Role of tolvaptan to treat acute heart failure

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Ratthaphon Chitthai
Bancha Satirapoj


Acute decompensated heart failure is a common condition that increases morbidity and cardiovascular mortality. Most patients often suffer from dyspnea. The main treatments are to treat precipitating causes of acute heart failure and to use diuretics to eliminate water and salt from the body. After a high dose of diuretic treatment for several patients, the signs and symptoms of acute heart failure cannot be improved and some side effects from hypokalemia, metabolic alkalosis, and worsening renal function develop. For those reasons, a new oral vasopressin receptor antagonist (VRA), i.e., tolvaptan, has been developed. It decreases the function of the aquaporin 2 channel at the distal collecting duct, inhibits reabsorption of water, and produces a clear aquaretic effect. Tolvaptan has been approved by the United States Food and Drug Administration to treat hypervolemic hyponatremia from heart failure and euvolemic hyponatremia from the syndrome of inappropriate antidiuretic hormone. Furthermore, several clinical studies show that tolvaptan improves congestive symptoms, promotes weight loss, increases urine output in patients with heart failure without affecting other electrolytes and maintains renal function.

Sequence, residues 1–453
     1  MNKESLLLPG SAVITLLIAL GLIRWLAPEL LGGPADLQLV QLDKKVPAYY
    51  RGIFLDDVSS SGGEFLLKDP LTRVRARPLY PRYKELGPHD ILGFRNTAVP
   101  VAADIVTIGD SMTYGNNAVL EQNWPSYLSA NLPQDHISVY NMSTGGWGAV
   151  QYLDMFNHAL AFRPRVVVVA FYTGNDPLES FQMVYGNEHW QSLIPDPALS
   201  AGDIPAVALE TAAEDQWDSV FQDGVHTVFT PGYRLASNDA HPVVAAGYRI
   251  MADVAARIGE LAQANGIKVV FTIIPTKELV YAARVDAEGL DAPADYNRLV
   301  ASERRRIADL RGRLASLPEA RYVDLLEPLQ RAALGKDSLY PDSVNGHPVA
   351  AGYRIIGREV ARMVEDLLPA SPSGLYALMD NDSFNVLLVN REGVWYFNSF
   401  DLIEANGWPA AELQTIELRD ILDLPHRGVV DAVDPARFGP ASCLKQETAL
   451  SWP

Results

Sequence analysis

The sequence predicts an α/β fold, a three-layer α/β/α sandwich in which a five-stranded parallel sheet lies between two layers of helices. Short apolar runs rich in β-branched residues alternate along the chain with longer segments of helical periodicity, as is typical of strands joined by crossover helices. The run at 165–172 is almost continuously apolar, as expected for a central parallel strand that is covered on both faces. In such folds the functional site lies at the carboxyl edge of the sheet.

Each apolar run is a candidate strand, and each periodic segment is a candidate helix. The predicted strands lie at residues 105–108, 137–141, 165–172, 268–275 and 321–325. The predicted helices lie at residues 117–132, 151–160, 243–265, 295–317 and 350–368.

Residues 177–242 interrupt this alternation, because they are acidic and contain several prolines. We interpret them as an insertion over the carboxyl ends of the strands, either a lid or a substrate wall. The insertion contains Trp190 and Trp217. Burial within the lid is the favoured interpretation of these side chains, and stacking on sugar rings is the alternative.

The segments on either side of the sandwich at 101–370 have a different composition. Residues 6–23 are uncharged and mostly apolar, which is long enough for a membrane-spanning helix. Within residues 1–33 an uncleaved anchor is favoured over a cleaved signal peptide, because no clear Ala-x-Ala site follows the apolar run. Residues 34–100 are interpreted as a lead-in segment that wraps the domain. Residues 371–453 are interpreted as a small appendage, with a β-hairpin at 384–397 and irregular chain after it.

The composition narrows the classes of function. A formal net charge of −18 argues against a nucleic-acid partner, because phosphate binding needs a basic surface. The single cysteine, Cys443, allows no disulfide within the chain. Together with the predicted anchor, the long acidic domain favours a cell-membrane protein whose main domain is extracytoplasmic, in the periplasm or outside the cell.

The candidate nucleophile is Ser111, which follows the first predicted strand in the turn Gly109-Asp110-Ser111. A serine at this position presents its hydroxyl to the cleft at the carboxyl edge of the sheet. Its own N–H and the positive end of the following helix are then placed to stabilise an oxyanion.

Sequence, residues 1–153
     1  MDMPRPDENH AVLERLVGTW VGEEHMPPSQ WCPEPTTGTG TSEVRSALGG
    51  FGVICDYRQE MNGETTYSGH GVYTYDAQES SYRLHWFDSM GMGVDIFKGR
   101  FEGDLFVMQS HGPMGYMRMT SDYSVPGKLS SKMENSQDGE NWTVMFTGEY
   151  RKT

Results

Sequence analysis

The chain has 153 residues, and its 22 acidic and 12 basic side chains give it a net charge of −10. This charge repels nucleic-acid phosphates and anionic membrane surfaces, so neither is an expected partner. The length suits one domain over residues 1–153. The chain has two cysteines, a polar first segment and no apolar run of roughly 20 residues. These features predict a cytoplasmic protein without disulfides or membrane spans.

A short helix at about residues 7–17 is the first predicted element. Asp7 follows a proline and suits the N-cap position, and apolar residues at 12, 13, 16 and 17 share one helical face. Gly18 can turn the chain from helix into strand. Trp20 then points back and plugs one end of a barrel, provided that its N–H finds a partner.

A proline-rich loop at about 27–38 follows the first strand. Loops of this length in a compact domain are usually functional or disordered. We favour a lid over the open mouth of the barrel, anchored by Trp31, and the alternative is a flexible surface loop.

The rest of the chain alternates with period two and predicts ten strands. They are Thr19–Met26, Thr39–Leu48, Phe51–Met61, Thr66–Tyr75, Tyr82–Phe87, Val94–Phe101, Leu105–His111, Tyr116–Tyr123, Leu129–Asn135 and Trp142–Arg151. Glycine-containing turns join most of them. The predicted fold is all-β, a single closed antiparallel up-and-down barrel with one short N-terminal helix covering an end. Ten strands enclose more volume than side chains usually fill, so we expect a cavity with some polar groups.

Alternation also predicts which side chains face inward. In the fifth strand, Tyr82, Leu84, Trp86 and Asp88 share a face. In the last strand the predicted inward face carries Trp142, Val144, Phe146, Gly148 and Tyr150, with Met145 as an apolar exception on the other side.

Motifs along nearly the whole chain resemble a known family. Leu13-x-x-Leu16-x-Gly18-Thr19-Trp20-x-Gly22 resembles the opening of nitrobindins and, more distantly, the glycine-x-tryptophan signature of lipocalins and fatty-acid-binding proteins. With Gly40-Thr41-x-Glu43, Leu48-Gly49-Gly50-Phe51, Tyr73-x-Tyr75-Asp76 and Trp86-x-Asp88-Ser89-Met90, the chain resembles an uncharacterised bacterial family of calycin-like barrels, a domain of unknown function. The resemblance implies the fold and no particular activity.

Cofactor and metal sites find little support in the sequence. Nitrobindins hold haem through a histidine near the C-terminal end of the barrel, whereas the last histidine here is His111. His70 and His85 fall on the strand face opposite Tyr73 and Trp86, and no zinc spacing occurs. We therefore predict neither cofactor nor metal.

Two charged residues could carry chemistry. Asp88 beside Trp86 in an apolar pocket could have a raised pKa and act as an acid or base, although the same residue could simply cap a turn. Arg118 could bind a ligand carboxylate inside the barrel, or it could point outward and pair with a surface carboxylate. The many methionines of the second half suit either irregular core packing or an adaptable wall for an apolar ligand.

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Chitthai, R., & Satirapoj, B. (2022). Role of tolvaptan to treat acute heart failure. Journal of the Nephrology Society of Thailand, 28(2), 4–16. Retrieved from
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